Change is coming to the world. Many fear change and will fight it with every fiber of their being. But sometimes change is what they need most. Sometimes change is what sets them free.
When Dragon Age II was announced it was met with great rancor that I have not seen since Legend of Zelda: The Wind Waker was revealed to be cel-shaded. The scope has changed, the graphics have been more defined and stylized, the world is now totally different and the gameplay has become something unlike it was before. A metamorphosis occurred; change has finally come, and in many ways, it was worth the risk.
Dragon Age II is a different beast all together than Origins, but at the same time it is a now more familiar world. The land of Thedas has finally been fleshed out, the conflicts, while smaller in scope, is more focused and personal for our hero Hawke, the champion of the city of Kirkwall. Like Mass Effect, Hawke is a single character you control along with several party companions as the game spans a ten year period, told in a framed narrative. It is in this ten year timespan we see the tale of Hawke play out in its full glory.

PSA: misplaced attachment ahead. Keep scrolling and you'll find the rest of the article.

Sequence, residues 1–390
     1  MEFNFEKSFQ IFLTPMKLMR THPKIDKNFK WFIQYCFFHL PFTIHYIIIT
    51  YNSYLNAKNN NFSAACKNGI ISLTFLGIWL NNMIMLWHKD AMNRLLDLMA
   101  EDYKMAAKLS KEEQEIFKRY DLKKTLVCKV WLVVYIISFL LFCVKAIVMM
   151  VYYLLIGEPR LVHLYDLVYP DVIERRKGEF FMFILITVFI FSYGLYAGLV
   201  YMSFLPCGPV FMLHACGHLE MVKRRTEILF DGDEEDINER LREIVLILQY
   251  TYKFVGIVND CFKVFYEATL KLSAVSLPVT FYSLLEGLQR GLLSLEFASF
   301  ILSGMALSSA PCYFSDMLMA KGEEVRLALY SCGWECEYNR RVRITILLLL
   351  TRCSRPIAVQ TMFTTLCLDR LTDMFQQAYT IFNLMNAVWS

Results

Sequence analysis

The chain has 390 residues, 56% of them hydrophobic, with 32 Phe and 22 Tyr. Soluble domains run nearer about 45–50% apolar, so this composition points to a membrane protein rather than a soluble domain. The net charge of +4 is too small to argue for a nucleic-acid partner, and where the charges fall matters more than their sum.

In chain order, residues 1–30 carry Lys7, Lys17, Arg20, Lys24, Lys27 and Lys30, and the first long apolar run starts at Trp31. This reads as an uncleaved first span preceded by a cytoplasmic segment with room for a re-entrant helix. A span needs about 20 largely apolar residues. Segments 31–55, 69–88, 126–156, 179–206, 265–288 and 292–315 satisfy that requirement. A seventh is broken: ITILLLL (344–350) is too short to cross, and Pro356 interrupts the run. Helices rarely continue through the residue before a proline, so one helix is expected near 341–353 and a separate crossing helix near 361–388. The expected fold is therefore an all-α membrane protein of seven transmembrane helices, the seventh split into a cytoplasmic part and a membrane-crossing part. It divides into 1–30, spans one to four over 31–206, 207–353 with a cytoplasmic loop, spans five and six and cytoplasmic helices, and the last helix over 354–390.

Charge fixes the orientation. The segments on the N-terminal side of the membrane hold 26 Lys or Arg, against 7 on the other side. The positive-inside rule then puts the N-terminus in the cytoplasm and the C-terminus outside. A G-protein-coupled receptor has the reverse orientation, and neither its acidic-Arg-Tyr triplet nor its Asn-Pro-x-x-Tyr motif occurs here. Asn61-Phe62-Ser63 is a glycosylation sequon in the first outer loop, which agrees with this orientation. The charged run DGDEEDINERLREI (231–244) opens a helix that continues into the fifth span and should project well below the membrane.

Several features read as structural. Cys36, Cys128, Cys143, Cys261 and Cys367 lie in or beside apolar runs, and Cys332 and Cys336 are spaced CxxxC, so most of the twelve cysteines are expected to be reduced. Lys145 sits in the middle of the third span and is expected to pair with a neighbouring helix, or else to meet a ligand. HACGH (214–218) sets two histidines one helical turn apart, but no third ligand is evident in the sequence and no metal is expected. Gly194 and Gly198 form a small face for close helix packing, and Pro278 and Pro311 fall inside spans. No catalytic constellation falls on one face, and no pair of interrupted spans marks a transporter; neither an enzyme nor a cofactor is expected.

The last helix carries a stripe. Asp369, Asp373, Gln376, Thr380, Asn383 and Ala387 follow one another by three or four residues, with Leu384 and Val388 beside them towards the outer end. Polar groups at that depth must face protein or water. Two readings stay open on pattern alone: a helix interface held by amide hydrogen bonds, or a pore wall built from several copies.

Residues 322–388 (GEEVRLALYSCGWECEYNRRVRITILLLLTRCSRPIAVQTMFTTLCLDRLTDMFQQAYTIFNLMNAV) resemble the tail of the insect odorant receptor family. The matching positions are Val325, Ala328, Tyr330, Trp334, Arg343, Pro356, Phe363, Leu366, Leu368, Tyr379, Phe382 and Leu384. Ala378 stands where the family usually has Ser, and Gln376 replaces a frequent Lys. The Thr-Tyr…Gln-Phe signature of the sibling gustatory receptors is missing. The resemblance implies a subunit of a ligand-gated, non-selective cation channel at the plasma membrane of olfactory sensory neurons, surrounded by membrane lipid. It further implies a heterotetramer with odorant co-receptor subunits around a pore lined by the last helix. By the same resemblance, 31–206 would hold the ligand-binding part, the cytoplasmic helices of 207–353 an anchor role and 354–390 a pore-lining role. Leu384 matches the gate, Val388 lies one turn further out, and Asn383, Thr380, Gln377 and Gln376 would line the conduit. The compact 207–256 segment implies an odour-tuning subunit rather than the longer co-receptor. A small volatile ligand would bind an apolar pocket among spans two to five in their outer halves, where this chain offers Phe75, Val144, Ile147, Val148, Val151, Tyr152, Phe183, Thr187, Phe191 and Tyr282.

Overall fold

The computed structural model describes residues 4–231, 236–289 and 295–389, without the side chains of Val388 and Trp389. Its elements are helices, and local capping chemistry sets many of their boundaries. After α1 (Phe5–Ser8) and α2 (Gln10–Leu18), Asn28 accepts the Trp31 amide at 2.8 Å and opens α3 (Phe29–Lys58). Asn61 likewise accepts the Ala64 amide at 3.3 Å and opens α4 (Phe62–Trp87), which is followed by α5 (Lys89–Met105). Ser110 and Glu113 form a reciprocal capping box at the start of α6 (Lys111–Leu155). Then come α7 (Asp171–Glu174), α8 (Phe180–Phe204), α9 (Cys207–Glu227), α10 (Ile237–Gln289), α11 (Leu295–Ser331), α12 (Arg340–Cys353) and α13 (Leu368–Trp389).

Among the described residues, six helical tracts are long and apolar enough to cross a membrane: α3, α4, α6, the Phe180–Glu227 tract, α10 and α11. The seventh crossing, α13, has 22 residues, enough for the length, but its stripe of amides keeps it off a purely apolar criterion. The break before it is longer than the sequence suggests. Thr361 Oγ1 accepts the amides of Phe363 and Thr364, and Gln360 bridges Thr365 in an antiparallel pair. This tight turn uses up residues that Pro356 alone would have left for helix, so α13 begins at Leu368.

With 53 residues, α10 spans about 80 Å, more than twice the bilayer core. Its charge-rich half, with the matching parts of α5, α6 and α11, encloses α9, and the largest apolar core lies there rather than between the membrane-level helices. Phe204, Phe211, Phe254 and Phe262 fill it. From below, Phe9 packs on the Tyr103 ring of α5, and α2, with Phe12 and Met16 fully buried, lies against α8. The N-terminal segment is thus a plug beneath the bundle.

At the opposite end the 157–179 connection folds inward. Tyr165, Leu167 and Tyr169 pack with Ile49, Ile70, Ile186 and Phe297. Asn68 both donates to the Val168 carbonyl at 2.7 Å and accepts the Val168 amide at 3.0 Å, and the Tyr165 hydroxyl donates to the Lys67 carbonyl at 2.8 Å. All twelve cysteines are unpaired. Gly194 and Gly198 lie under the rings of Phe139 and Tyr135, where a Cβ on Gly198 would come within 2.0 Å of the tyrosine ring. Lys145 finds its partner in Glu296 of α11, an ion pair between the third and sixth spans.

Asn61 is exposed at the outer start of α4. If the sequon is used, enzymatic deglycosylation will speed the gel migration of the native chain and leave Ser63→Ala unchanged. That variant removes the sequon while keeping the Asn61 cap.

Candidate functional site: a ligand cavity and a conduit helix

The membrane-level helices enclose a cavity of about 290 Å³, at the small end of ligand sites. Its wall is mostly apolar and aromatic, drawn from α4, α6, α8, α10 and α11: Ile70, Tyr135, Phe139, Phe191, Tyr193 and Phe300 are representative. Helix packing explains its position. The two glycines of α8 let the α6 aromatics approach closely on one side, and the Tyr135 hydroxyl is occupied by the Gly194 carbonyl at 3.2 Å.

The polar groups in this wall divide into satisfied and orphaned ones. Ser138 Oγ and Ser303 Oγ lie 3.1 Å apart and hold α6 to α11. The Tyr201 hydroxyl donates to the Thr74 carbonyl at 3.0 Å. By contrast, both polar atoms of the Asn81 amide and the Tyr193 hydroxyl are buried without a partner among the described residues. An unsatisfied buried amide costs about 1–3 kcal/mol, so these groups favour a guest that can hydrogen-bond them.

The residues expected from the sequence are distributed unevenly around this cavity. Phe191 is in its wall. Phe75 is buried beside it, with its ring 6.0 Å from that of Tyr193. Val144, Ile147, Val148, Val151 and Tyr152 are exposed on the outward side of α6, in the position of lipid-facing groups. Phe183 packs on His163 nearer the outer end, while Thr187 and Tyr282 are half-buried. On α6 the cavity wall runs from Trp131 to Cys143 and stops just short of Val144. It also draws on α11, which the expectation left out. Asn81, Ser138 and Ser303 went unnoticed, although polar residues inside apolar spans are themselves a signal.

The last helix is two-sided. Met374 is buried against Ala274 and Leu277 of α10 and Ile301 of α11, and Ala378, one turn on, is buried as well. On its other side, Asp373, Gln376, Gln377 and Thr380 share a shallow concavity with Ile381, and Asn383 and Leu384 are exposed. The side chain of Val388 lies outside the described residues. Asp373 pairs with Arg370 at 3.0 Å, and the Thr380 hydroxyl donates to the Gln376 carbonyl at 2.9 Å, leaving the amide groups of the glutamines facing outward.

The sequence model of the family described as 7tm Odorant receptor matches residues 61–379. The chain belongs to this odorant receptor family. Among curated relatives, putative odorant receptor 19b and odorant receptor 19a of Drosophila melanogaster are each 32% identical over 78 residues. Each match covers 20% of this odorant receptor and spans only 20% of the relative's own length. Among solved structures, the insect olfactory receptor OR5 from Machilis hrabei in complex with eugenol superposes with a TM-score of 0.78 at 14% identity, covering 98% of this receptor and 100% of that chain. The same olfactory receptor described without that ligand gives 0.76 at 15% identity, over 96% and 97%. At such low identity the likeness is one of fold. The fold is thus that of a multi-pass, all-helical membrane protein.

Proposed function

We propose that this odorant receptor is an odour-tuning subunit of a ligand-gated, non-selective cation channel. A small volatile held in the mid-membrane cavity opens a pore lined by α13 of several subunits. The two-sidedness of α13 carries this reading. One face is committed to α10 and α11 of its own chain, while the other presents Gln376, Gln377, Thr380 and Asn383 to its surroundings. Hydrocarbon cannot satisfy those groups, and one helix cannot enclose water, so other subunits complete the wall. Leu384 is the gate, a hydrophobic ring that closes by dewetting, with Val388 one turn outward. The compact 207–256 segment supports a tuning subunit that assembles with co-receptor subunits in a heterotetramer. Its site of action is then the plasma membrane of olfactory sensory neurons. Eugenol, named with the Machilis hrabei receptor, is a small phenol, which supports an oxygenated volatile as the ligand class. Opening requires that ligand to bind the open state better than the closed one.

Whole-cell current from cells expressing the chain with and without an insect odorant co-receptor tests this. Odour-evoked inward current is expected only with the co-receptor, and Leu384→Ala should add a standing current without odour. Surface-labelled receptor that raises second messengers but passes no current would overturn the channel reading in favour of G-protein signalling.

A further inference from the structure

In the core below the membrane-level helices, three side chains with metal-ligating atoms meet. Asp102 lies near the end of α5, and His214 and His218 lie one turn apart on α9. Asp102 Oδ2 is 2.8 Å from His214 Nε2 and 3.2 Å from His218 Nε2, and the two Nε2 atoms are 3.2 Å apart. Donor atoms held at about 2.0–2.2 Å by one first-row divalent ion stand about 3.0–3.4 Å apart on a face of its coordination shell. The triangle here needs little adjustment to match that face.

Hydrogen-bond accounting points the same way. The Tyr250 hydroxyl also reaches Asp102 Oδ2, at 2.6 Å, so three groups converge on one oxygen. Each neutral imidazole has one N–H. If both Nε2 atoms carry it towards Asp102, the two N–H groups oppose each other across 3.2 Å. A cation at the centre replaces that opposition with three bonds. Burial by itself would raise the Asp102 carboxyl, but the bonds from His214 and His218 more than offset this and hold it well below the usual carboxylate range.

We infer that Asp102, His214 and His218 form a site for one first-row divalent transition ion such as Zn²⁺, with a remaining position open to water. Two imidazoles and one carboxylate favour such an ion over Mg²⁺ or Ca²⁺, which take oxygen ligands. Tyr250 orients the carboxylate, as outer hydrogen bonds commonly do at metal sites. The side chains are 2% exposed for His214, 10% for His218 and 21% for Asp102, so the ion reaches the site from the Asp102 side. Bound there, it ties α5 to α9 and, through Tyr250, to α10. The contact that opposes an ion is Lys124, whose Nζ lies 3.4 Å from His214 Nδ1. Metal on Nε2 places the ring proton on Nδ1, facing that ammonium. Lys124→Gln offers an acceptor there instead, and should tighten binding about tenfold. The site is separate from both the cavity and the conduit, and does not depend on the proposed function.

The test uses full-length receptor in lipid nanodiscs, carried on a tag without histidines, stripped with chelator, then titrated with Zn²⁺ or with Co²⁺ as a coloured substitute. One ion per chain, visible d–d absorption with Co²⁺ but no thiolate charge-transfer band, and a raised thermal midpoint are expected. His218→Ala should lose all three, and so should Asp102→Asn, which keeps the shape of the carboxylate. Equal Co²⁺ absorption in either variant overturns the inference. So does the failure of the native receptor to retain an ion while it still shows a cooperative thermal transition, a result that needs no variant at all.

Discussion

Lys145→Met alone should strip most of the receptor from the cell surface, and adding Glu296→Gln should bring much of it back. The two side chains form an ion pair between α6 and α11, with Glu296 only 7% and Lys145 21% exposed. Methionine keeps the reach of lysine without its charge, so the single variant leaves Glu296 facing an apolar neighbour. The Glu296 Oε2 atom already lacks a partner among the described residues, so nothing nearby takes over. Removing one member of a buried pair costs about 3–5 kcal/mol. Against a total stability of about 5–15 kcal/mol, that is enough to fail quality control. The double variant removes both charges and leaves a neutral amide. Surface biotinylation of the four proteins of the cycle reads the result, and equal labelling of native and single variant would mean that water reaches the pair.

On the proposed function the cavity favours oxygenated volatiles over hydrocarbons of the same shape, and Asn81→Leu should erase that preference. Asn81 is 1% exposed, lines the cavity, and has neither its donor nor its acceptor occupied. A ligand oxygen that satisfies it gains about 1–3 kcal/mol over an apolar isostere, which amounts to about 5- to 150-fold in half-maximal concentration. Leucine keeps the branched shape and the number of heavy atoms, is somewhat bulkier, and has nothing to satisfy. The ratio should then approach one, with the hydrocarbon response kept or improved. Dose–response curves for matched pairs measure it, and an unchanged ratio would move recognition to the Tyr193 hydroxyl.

I will be frank with you upfront. The storyline in Dragon Age II is the best written video game storyline I have ever had the privlege to play. It is dark, tragic, emotional and sympathetic all without it being too pushy into forced territory to twist emotions. There is humor but it is downplayed and for the most part realistic rather than random quirks and stereotypical fantasy jibes. The story within a story narrative works wonders here, and while it has been used as a device before in games, it has never been used like this.